But even factoring in the number of new cable stations devoting their primetime coverage to the conventions this year, overall television viewership has been in steady decline since the 1970s. That means that candidates have to make aggressive use of whatever coverage opportunities they can get, analysts say.

"For Kerry to cross the threshold and his image to become clearer to the public, he does need to get more coverage," Carroll Doherty, editor for the Pew Research Center, said. "The television lull between the primaries and the conventions is always tough for the challenger."

Good Coverage Is Often Bad News

Though many voters may not have a well-defined view of the Democratic candidate yet, Kerry is still running neck-in-neck with Bush in the many presidential preference polls that Pew Research Center monitors throughout the year. Doherty notes that while candidate Bush gets more attention from the networks' coverage, the coverage is not always positive.

Media Tenor's study shows network news stories about Bush had a more negative tone than stories about Kerry. Of the nearly 1,176 statements made about Bush during the networks' half-hour newscasts in the first six months of the year, Media Tenor classified 24.1 percent (or 284 statements) as negative. Stories that had a particularly negative cast included coverage tying Bush to terrorism advisor Richard Clarke's 9-11 Commission testimony, the Abu Ghraib prison scandal and escalating violence in Iraq.

On average, this negative cast receded in June, largely due to positive coverage of Bush's appearances as head of state during the D-Day celebrations in France and the G-8 conference in the US.

The study categorizes only 13.1 percent of Kerry's January through June network coverage as negative.

Buying Ad Time to Take Up the Slack

Many voters now learn more about candidates from the tidal wave of political ads that have come to dominate primetime viewing in many swing-voter states this year. Kerry's camp has already spent more than $80 million on political ads to put their candidate before voters, a massive windfall for eager local broadcasters.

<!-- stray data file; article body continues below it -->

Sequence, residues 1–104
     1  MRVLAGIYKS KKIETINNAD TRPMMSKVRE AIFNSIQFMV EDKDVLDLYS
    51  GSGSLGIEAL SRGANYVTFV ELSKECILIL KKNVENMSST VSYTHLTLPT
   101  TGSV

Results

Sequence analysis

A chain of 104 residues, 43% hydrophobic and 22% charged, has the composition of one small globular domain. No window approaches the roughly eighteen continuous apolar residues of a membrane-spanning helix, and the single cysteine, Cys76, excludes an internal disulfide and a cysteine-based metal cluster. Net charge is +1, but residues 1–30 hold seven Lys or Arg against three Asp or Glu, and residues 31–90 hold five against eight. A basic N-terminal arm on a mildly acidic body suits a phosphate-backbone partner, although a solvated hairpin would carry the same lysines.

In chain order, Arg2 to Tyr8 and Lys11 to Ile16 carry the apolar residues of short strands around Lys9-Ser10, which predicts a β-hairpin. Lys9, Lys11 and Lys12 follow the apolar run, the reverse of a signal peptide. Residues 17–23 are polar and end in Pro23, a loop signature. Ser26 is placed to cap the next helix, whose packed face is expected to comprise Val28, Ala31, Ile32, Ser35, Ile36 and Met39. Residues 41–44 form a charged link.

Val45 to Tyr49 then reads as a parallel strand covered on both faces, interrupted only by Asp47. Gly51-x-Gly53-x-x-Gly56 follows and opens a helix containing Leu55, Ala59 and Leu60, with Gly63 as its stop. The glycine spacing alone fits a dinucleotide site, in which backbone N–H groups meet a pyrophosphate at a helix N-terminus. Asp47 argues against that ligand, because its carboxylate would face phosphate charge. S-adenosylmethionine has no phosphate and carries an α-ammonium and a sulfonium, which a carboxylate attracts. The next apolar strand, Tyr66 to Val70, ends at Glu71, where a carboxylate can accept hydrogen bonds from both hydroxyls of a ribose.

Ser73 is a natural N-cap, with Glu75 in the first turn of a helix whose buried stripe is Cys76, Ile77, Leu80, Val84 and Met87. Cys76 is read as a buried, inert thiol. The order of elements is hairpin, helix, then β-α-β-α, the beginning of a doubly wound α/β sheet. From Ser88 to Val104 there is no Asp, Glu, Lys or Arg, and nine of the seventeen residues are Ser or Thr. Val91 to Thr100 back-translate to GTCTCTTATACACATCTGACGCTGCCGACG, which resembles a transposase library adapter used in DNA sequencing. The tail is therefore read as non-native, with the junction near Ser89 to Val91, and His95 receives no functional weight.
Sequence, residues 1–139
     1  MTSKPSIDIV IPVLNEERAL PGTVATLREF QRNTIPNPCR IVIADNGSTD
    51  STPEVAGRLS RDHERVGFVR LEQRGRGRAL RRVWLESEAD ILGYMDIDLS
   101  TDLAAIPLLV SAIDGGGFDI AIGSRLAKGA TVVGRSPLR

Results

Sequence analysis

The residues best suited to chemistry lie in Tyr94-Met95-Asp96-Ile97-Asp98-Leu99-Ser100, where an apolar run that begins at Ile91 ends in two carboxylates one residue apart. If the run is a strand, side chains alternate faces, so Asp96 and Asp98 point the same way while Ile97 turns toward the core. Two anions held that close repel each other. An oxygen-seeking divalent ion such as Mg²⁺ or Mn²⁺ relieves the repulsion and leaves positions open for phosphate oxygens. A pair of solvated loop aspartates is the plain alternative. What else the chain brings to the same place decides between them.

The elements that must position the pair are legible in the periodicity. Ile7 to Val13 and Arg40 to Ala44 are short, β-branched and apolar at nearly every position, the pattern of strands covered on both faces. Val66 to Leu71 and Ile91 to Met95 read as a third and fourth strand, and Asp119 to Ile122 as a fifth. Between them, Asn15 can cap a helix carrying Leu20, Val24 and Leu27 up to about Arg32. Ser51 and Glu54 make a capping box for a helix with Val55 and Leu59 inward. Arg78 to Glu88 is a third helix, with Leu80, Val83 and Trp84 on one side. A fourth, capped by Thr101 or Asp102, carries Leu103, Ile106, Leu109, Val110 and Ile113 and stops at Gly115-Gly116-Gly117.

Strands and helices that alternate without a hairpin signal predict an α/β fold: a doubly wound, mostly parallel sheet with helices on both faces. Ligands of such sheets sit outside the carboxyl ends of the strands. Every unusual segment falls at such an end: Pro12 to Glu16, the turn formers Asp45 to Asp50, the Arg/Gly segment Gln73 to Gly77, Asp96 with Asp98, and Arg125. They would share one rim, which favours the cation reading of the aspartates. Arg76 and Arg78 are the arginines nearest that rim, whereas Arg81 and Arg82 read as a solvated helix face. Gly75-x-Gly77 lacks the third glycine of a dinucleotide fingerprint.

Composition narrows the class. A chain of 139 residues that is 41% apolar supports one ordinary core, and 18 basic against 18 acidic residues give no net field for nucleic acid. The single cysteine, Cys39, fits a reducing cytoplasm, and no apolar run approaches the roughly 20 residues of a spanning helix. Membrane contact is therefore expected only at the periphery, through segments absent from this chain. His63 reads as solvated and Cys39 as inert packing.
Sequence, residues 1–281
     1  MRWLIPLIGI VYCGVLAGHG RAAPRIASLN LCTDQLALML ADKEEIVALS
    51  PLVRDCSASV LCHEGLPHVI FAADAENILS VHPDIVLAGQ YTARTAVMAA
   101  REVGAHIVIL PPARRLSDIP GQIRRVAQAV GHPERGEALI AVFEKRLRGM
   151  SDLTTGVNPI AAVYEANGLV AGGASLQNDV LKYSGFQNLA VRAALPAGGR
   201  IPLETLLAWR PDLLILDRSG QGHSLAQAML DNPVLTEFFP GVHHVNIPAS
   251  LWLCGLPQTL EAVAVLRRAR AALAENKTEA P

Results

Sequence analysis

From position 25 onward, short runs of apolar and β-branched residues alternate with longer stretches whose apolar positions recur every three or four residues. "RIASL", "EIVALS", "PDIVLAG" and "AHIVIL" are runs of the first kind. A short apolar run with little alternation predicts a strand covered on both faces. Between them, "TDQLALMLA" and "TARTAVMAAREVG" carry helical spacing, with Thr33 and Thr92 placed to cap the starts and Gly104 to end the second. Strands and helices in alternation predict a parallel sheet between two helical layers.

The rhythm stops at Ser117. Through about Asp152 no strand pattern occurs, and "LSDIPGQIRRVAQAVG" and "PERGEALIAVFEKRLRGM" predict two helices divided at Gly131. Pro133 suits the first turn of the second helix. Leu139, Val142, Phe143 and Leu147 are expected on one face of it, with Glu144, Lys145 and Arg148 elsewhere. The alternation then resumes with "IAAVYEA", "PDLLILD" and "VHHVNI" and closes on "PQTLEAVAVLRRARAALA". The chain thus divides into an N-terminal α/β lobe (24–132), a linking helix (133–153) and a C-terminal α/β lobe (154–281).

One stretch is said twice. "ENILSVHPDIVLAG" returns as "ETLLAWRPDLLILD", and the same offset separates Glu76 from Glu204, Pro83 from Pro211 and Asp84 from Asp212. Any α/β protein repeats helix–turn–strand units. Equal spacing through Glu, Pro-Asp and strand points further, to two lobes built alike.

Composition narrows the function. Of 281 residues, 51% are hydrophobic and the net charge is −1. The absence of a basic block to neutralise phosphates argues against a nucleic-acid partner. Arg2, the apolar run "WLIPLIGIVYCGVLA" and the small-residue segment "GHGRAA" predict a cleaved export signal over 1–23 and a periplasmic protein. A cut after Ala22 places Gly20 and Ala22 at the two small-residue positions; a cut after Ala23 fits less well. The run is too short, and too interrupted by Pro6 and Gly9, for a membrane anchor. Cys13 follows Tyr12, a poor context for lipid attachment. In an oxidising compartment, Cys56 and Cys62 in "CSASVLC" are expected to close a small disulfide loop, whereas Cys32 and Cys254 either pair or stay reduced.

In western Michigan, on an average night in July television viewers are 13 times more likely to hear about candidates and their positions from political ads than from the 5:30, 6 and 11 O'clock local newscasts, according to a recent study by the Grand Rapids Institute of Information Democracy. A similar picture is emerging in other hotly contested election states where political ads do more to educate (or in many cases misinform) voters about federal candidates than the local news.

For the Kerry campaign, coverage by the national networks of the primaries and convention was the hoped-for antidote to the dearth of local political coverage.

With the networks planning to scale back on convention coverage, the campaigns are now turning to the three televised debates scheduled to begin in September to regain mainstream airtime denied their candidates in the first half of the year.

"The first debate is crucial for Kerry," Doherty said, but he remains skeptical that mainstream network coverage has the ability to influence voters as it had in the past.

"We're looking at a new media universe where mainstream political coverage is missing a lot of people, especially younger voters," Doherty said. "As a result, the broad public is much harder to reach for campaigns."

Timothy Karr is executive director of MediaChannel and Director of Media For Democracy, MediaChannel's 2004 citizens' initiative to monitor media coverage of the presidential elections.